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Gum Problems


Gum Problems

Healthy gumsClick here to see an illustration. are pink and firm and do not bleed easily. Occasionally gum bleeding occurs if you brush your teeth and gums too hard with a hard-bristled toothbrush or snap dental floss hard against your gums. Using a soft-bristled tooth brush and flossing carefully can prevent the problem.

Early-stage gum disease (gingivitisClick here to see an illustration.) causes red, swollen gums that bleed easily when brushed. Because gingivitis usually doesn't cause pain, many people delay treatment. If not treated, gum disease can cause more serious problems with the gum tissue.

As gum disease progresses, the gums pull away from the teeth, leaving deep pockets where plaque can hide and cause further damage. This stage of gum disease is called periodontitis or periodontal diseaseClick here to see an illustration. and is caused by an infection of the gums, bone, and other tissues that surround and support the teeth. Periodontitis can progress until it causes damage to the bones that support the teeth. In this late stage, teeth may become loose and fall out or need to be removed. It is important to treat gum disease early because it gets harder to treat as it becomes more severe.

Other causes of gum bleeding, swelling, and pain include:

  • Pregnancy, blood-thinning medicines, or bleeding disorders. These can cause gums to bleed easily.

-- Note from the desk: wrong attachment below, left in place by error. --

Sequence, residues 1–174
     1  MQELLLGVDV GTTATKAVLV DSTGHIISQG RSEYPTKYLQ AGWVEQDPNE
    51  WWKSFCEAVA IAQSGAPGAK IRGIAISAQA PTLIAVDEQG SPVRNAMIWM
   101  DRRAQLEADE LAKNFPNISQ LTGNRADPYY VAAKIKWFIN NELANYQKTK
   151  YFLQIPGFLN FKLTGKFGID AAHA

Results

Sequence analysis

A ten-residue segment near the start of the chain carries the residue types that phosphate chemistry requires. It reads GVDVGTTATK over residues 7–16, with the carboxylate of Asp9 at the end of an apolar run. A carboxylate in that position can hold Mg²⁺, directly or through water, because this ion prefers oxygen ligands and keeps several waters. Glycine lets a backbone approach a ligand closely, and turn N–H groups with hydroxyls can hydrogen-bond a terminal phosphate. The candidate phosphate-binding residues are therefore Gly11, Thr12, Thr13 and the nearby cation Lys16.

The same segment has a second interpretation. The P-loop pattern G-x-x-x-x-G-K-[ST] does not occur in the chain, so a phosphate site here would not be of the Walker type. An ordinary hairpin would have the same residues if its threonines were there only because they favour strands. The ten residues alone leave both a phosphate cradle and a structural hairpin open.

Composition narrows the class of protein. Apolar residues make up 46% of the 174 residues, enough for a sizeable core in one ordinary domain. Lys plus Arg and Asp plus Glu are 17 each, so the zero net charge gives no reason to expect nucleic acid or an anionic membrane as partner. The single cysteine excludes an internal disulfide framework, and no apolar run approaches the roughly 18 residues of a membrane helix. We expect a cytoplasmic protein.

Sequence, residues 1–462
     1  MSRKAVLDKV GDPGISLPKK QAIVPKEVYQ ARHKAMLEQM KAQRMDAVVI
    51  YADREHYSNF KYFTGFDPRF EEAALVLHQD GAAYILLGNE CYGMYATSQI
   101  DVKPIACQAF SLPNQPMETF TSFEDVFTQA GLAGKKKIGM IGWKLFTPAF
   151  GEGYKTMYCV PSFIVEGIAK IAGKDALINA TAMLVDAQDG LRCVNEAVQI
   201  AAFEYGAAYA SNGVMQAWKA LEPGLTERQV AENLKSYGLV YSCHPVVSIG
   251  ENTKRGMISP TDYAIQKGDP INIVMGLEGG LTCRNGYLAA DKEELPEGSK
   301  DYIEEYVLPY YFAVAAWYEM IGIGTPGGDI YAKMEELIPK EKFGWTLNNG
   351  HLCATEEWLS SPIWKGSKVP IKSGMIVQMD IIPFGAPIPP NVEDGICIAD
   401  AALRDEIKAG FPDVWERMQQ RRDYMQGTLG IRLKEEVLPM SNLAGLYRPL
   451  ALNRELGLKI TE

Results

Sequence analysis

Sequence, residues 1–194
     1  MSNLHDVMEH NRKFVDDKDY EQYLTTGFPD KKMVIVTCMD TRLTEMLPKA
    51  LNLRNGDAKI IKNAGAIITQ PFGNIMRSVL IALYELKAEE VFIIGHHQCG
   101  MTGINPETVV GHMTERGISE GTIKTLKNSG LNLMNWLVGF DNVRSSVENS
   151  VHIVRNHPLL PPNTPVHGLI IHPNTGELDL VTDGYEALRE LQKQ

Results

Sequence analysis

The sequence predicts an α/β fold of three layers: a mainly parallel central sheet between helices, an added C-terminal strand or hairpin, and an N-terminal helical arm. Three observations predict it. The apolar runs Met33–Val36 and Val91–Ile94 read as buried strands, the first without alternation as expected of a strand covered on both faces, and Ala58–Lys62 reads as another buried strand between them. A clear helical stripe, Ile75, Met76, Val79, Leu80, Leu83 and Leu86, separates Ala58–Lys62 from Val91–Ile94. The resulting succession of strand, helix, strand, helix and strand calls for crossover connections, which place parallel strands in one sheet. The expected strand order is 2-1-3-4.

• Lack of vitamins, such as vitamin K or vitamin C, or medical problems, such as anemia, that interfere with the body's ability to absorb certain vitamins.
  • Teething in babies and young children.
  • Dentures or a dental appliance that irritates the gums.
  • A "gum boil" or infection around the root of the tooth. Swelling and redness, sometimes with pus, may appear at the base of a tooth.
  • Diseases of the blood cells, such as leukemia. This is rare.

Many medicines can cause gum problems. If you suspect a medicine is the cause of your gum problem, call the doctor who prescribed the medicine to determine whether you should stop taking it or take a different one. An appointment may not be necessary. If you are taking a nonprescription medicine, stop taking it. Call your doctor if you feel you need to continue the medicine.

Credits

ByHealthwise Staff
Primary Medical ReviewerKathleen Romito, MD - Family Medicine
Specialist Medical ReviewerH. Michael O'Connor, MD - Emergency Medicine
Last RevisedNovember 4, 2010

eMedicineHealth Medical Reference from Healthwise

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